The snow has started falling early and hard this season at Mammoth Mountain Ski Resort, and the record amounts don’t look like they’ll stop anytime soon.
As ski operators in the eastern Sierra Nevada hope snow accumulation will keep them open until July 4, the storms have added a dangerous edge to life in nearby towns as residents face impenetrable snow banks, high winds, road closures, avalanches and flooding.
In the worst-case scenario, massive snowmelt over the next few weeks could flood towns along US Highway 395, which winds along the base of snow-capped Sierra peaks that reach up to 14,000 feet. Meanwhile, Los Angeles Department of Water and Power officials fear record runoff in Mono and Inyo counties could overwhelm the city’s water system.
“Getting significant rain over snow is a scary proposition,” Inyo County Supervisor Jeff Griffiths said Friday when the first of several predicted atmospheric rivers swept through the area, triggering avalanche and gust warnings. 120 mph wind. “We have at least two more storms coming in the next 10 days, so the big concern is that all the precipitation on the mountains will fall at the same time.”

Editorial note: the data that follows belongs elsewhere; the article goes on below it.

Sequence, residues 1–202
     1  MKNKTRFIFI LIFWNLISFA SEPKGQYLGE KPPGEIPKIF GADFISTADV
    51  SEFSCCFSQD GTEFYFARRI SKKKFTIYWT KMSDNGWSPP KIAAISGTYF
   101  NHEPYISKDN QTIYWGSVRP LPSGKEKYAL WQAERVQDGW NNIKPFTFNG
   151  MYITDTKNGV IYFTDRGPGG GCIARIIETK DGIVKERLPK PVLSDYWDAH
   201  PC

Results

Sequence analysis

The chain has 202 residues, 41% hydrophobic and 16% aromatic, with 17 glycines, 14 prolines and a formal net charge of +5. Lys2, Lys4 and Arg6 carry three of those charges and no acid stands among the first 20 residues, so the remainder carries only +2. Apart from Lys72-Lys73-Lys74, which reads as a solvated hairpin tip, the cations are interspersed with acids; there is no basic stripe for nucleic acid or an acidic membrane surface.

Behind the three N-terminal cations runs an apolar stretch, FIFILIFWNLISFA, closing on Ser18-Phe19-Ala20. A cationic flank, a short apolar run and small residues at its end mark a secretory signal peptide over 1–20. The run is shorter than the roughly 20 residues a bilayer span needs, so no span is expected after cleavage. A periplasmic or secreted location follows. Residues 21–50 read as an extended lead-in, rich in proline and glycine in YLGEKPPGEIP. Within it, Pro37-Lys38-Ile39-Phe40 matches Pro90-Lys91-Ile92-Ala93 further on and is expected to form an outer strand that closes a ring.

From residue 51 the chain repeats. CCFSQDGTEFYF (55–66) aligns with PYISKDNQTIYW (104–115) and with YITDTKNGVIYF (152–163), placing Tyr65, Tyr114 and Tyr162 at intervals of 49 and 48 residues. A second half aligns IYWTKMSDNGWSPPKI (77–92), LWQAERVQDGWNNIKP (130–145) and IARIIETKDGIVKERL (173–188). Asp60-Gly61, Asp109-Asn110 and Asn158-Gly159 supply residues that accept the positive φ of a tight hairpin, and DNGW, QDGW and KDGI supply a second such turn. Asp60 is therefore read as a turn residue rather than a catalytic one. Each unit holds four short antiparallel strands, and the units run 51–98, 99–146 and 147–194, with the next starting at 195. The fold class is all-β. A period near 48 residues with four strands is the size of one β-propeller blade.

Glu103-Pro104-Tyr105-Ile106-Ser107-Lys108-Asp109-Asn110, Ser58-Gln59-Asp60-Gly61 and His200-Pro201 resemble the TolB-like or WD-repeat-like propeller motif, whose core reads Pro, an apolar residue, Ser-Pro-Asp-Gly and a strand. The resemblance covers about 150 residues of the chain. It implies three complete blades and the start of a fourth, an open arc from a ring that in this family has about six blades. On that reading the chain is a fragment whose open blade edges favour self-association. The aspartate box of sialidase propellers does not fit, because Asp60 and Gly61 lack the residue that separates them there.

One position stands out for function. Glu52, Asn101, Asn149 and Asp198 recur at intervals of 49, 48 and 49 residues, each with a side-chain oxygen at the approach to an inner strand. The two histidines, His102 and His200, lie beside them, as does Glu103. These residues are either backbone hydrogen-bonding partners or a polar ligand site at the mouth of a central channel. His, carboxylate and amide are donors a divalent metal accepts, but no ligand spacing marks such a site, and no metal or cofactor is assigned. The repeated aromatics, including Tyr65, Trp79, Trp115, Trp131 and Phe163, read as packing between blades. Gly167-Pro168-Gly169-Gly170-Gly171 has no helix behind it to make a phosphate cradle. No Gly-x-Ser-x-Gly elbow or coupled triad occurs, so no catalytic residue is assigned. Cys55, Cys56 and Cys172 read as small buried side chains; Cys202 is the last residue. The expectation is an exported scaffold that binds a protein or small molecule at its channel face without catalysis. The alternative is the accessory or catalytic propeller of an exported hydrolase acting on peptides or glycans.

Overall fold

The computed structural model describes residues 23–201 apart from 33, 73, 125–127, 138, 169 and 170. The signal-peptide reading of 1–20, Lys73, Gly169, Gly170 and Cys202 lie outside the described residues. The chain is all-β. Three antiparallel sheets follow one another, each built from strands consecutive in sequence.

This week Mammoth Mountain – the huge extinct volcano that catches freshly brewed storms like a sail – had recorded a stunning 672 inches of snow at the summit and 528 inches at the main lodge of its resort complex, which attracts one million skiers each year.
“This is already one of our biggest snowfall years ever – and we still have many months to go,” said Lauren Burke, spokeswoman for the resort about 300 miles north of Los Angeles. . “We expect to get another 100 inches of snow within 10 days, which could put us above our all-time high of 668 inches – or about 55½ feet – at the main lodge.”
With the eastern Sierra Nevada grappling with 243% of its normal snowpack for this time of year, the DWP was scrambling to avoid the predicted snowmelt from its century-old water infrastructure in the valley. ‘Owens of Inyo County, about 60 miles south of Mammoth Lakes.
“Only two of the past 100 years have seen runoff greater than this year’s estimate,” said Anselmo Collins, the water system’s senior deputy general manager. “Right now, DWP crews are primarily focused on maintaining system capacity by clearing sand traps, canals and other waterways and preparing areas for expected water flows.”
Meanwhile, in Mammoth Lakes, a quaint town of 7,500 in Mono County, residents are struggling to adjust to what has become a strange world of frozen precipitation piled as high as the rooftops.